Top-class safety – vital competitive weapon
With a fleet of 269 trucks, the Vuteq Lorry Corporation in Tokyo transports petrol and liquefied petroleum gas to filling stations and plants all over Japan. Fuel that is necessary in order for society to function.
“Top-class safety is one of our most important competitive weapons,” says Teiji Tokunaga, head of Vuteq’s transport company in Tokyo. “We’re working the whole time on safety and quality assurance when it comes to both our drivers and our vehicles.”
Vuteq Lorry in Tokyo is part of a worldwide group which manufactures and assembles interior and exterior automotive parts and various glass products. However, the Vuteq Lorry Corporation in Tokyo focuses on fuel transport.
“Once the crude oil has been imported and refined at Idemitsu and other petroleum companies on the other side of the Tokyo Bay, the refined products are brought to the terminal in eastern Japan by sea,” explains Teiji Tokunaga. “Our tank lorries are then dispatched to load petroleum products from these terminals for delivery.”
The company has a fleet of 269 trucks with 270 drivers. They distribute petrol and LPG (liquefied petroleum gas) to a large number of filling stations and plants, most of which are situated in densely populated areas.
“We have 135 trucks from UD Trucks. There are two ways in which we fit the tanks that are used for delivering petroleum products. One is the trailer type, the Quon tractor head hauls a trailer with a tank. The other is the rigid type, a tank mounted on the chassis of the Quon truck,” explains fleet manager, Naoto Hiraku.
The Japanese geography, with huge numbers of buildings tightly packed in small areas between mountainous regions, requires vehicle fleets to be lighter and more flexible than those in many other countries. This is why the trailer class is comprised of loading weights up to 21 tonnes, compared with the standard 40, while the rigid class stops at 13 tonnes.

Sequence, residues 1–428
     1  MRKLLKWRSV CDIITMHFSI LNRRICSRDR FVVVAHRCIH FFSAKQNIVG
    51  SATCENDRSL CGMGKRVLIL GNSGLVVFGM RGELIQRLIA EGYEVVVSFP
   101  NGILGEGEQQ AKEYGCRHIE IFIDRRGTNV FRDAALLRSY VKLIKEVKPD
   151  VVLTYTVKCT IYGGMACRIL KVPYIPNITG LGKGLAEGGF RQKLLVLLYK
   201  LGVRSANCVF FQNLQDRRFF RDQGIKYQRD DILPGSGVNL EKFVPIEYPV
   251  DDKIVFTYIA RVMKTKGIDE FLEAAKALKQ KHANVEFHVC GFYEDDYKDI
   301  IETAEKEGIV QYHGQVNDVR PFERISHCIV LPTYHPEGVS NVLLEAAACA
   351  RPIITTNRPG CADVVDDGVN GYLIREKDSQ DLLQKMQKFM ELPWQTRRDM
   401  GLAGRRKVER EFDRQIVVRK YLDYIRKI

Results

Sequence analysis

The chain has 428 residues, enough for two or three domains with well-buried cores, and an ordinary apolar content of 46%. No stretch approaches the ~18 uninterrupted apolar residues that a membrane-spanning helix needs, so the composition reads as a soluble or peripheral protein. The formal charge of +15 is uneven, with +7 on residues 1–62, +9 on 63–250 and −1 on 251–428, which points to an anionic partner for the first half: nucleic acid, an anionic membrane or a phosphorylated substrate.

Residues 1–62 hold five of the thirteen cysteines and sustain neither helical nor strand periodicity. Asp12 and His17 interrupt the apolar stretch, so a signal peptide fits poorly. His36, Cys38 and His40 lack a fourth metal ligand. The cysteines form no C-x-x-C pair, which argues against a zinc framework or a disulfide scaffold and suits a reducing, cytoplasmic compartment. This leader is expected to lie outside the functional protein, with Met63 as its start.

“It is also possible to spend the night in our Quon trucks, but the beds are normally used for short rests,” says Teiji Tokunaga. “Our drivers generally make day trips of no more than 200 kilometres and they return in the evening.”
It takes an hour both to load and unload fuel and the process is semi-automatic. Some of the controls are operated on the roof of the tank, while other functions are controlled from a computerised control panel which the driver can reach while standing on the ground.
Eiji Michibayashi, operation co-ordinator, gives a demonstration and shows how the checklist is controlled by checking off the individual points. For every procedure that is critical to safety, Eiji Michibayashi stands and points at the equipment related to each operating procedure with the whole of his hand and shouts, “Checked – finished!”. He knows that, using his sight, hearing and body movement, he has remembered the correct routine. Three out of five senses should lay the foundations for a good memory.
Vuteq has been using vehicles from UD Trucks since 1999 and it is happy with the brand.
“Our first acquisition was a Nissan Diesel ‘Big Thumb’ in 1999 and we were so pleased that we continued with the brand,” says Jun Tazawa, managing director of the Vuteq Lorry Corporation.
Since then, the company has purchased a further 134 trucks from UD Trucks. The latest was a Quon 460, with the new 11-litre engine, purchased in December 2011.
“The market and the increasingly fierce competition are imposing more and more rigorous demands on us,” says Jun Tazawa. “In addition to the high safety level, we need to be faster, more flexible and always cost effective the whole time.
“This means that it is absolutely vital to have a good vehicle fleet, with trucks that function round the clock, are fuel efficient and comply with the emission standards. We think that we get all this from UD Trucks.”